The timing of #TreatNotTrick is critical. The outcomes of this year’s election will set this country’s political priorities for the next four years or more. A unified call for improved Medicare-for-all so close to the election will demonstrate that affordable, accessible health care for everyone is only possible with single payer. Not only do the majority of Americans want it, but the current system will buckle without it.

The editors of this blog urge all medical and health professional students to add their voice to this call and to get involved by joining or organizing a #TreatNotTrick event this Halloween.

Questions about #TreatNotTrick may be directed to

Here is a list of participating schools and events:


  • Johns Hopkins University School of Medicine


  • Pritzker School of Medicine – University of Chicago
  • Rosalind Franklin University of Medicine and Science
  • Rush Medical College & Rush College of Nursing
  • Feinberg School of Medicine at Northwestern University
  • Midwestern: Chicago College of Osteopathic Medicine
    Monday, October 31
    Information Booth & Letter-Writing Workshop
    Contact: Taysa Bowers, 925 451-5829;


  • Case Western Reserve University School of Medicine
    Monday, October 31st
    Lobby visit to Sen. Sherrod Brown
    Contact: Vanessa Van Doren,
  • The Ohio State University College of Medicine

Meeting with Mike Stinziano of the Columbus City Council to speak on effective techniques for medical lobbying & ways to influence healthcare legislature as medical students


  • University of Minnesota Medical School
  • Mayo Medical School

Madison, Wisconsin:

  • University of Wisconsin School of Medicine

Philadelphia, PA

  • Lewis Katz School of Medicine at Temple University/Cooper Medical School of Rowan University/Perelman School of Medicine at the University of Pennsylvania
    Monday, October 31st, 6pm, City Hall
    Rally and Vigil

Contact: Emily Kirchner,, 724 561 8336


  • The Commonwealth Medical College

New York

  • Weill Cornell School of Medicine

Patient testimonials exhibiting the deficits of the health care system

Olin Hall–Olin Lounge/ Weill Education Building–Archibold Student Lounge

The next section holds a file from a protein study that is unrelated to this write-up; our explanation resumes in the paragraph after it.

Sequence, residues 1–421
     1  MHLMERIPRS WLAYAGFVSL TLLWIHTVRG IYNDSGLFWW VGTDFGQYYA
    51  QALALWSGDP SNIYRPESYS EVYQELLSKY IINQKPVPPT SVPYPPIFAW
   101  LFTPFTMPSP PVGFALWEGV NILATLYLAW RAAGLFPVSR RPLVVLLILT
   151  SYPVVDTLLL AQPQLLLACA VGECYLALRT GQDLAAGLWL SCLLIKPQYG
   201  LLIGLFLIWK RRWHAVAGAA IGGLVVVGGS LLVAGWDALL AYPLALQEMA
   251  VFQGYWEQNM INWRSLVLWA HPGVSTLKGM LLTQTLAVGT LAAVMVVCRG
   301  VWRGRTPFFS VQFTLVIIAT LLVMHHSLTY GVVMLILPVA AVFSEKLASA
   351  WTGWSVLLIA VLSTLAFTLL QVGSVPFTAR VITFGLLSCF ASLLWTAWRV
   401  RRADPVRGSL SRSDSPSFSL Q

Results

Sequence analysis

Photo ID required to visit campus buildings


  • Icahn School of Medicine at Mount Sinai
  • Columbia University College of Physicians and Surgeons
  • New York Medical College

Boston, MA

  • Boston University School of Medicine
    October 31st, 3-4:30 PM, Talbot Green
    Demonstration and Call-In

  • Harvard Medical School
  • Tufts University School of Medicine


  • University of Louisville School of Medicine
    Rally with student and physician speakers + Petition for H.R. 676 support in KY
    U of L Health Science Campus Quad
    (500 South Preston btw Muhammad Ali Blvd and East Chestnut St)
    October 31st, 12 pm
    Contact: Mallika Sabharwal,
  • Virginia Commonwealth University School of Medicine
  • Kirksville College of Osteopathic Medicine – A. T. Still University
  • East Tennessee State University Quillen College of Medicine
  • Emory University School of Medicine
  • University of South Alabama College of Medicine

New Mexico:

  • University of New Mexico School of Medicine


  • Texas College of Osteopathic Medicine
  • University of Texas Health Science Center


  • Touro University California – College of Osteopathic Medicine
  • The David Geffen School of Medicine at UCLA


  • Ross University School of Medicine

“Healthcare is a human right”: Single-payer testimonials

“I think it’s fundamentally wrong for some people to live shorter, sicker lives because they can’t afford healthcare.”

-Vanessa Van Doren, medical student and SNaHP member

Members of Students for a National Health Program (SNaHP) and medical students from across the United States are joining together to voice their support for the Physicians’ Proposal for Single-Payer Health Care Reform. To learn more about this important proposal, and to learn how you can advocate for meaningful health care reform, please visit